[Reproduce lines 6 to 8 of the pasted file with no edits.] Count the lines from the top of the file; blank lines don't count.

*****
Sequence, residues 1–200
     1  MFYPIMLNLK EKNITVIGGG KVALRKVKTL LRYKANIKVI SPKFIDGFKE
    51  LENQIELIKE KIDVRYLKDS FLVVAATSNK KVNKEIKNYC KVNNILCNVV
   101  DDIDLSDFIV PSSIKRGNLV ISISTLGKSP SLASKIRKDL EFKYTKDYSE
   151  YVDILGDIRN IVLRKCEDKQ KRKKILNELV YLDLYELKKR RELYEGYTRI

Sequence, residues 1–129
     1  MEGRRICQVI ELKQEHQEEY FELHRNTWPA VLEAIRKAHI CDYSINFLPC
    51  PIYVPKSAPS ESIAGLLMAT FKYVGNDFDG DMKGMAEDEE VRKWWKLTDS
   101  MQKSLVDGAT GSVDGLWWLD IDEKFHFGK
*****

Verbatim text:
Sequence, residues 1–129
     1  MEGRRICQVI ELKQEHQEEY FELHRNTWPA VLEAIRKAHI CDYSINFLPC
    51  PIYVPKSAPS ESIAGLLMAT FKYVGNDFDG DMKGMAEDEE VRKWWKLTDS